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Three Questions for Michigan Basketball

An alpha scorer, center depth and bench play highlight our three questions coming into this season for Michigan.

Jerry Lai-USA TODAY Sports

After last season's stumble into the NCAA Tournament, Michigan fans were left with far more questions than answers going into this season. The majority of the games down the stretch in the regular season, Big Ten Tournament and NCAA Tournament seemed like a chaotic frenzy to score a basket, one thing that seriously needs to change next year. We break down three important questions heading into next season that could be the difference between Michigan being a fringe tournament team to one that can win a lot of games and make real noise come March.

Who is Michigan's go-to scorer?

A lot of great teams seem to have one or two guys who can be relied upon to shoulder the load for stretches of games. Last season, Michigan seemed to have four or five guys capable of doing just that, but only for small spurts and never with confident consistency. For Michigan to really be successful, I think the go-to scorer role falls first to Zak Irvin, and then to Duncan Robinson.

While other guys on the roster can obviously score, Robinson and Irvin's versatility, length, ability to hit the outside shot and drive to the basket makes them the most obvious candidates. There are definitely going to be games when one or both is seriously slumping, but these guys, especially Irvin, need to look to find their rhythm early and often at the start of the season. While there was a ton of production at the guard and wing positions, the most intriguing position battle on the roster is center.

Who will be Michigan's starting center for the first game?

I touched on this a bit in the first article, but Michigan's center battle features two guys who both showed they can really play at a high level, and a third center (Jon Teske or Austin Davis) that prefers to play more rugged than Mark Donnal and Moritz Wagner. Donnal is classified as a center to start the season and has plenty of experience, but Wagner was phenomenal during Michigan's late run into the tournament.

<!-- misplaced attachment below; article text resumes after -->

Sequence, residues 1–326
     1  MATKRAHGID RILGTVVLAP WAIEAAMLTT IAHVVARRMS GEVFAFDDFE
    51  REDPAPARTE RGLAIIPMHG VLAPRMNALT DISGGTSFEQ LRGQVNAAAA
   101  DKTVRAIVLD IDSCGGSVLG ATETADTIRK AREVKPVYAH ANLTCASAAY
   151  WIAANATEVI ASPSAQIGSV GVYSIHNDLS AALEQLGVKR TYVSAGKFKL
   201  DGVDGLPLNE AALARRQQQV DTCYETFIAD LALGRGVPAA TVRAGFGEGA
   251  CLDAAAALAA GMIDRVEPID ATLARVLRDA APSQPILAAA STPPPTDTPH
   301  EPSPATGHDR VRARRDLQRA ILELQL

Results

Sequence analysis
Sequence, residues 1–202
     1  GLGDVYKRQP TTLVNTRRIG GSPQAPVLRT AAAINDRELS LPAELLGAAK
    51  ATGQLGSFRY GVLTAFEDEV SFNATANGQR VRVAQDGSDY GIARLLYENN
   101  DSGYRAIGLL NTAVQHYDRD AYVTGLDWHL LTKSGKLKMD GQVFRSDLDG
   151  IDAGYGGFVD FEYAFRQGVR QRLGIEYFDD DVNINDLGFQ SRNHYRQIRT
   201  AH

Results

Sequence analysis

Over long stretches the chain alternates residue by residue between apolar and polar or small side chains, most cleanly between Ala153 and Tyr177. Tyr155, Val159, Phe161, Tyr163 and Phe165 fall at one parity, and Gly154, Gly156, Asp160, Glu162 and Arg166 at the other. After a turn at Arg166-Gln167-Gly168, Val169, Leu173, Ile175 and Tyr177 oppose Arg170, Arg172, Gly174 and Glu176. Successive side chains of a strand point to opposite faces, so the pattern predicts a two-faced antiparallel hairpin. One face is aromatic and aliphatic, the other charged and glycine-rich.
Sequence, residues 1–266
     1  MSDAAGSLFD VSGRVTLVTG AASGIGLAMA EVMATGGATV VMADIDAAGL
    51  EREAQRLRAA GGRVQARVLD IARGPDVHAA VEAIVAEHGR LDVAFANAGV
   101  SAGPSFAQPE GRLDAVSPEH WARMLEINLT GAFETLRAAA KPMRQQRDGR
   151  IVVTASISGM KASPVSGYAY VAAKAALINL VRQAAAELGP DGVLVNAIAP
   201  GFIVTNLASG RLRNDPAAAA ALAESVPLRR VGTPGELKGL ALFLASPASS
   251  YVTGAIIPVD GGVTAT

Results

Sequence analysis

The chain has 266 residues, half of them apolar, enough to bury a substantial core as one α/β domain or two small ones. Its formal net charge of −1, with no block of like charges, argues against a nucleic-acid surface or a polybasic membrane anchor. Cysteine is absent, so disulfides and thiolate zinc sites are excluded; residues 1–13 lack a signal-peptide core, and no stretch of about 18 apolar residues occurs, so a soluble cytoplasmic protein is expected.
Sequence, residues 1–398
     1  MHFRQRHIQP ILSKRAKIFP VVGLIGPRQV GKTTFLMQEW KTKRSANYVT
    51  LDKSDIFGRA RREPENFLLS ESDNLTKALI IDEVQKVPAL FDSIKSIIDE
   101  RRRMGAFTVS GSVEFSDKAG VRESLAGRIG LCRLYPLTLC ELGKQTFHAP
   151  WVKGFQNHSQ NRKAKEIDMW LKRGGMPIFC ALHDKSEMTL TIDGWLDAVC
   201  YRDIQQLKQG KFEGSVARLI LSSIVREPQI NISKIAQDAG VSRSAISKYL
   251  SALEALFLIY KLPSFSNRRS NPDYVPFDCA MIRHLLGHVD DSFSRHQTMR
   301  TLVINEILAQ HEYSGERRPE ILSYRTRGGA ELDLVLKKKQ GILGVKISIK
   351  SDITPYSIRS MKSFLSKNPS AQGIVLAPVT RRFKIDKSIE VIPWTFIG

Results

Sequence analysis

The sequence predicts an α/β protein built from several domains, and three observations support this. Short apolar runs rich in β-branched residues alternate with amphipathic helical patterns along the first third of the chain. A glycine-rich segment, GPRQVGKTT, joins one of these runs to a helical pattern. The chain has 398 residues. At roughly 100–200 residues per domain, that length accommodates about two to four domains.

Based on most recent play, I expect Wagner to start, but it'll be interesting to see whether John Beilein chooses to give more of an even split to start the season or hands the reins to Wagner until he makes consistent mistakes. I think Wagner could be a special talent in Ann Arbor if Beilein lets him takes gambles on defense and gives him room to showcase in some areas on offense, but fans will have to be patient as Wagner is only enter his sophomore year.

Can Michigan get any real production off the bench?

Seeing as only one of Donnal or Wagner will start, the other one will be called upon off the bench to spell the other for minutes. Michigan also has the luxury of a ready-to-play backup point guard in Xavier Simpson, a small but tough player who can get to the basket at will. Behind those two, Michigan desperately needs production out of D.J. Wilson and Ibi Watson, but it's extremely unclear if either one of those two players can actually play significant minutes.

Overall, Michigan has a really nice roster with nine players that will be counted upon to give some kind of production for the roster. Muhammad-Ali Abdur-Rahkman wasn't discussed above, but he's got a chance to be a really nice third or fourth offensive option on a team with limited depth. If Michigan can find a way to outscore teams and get great play for their frontcourt, they can be a really quality team in the Big Ten.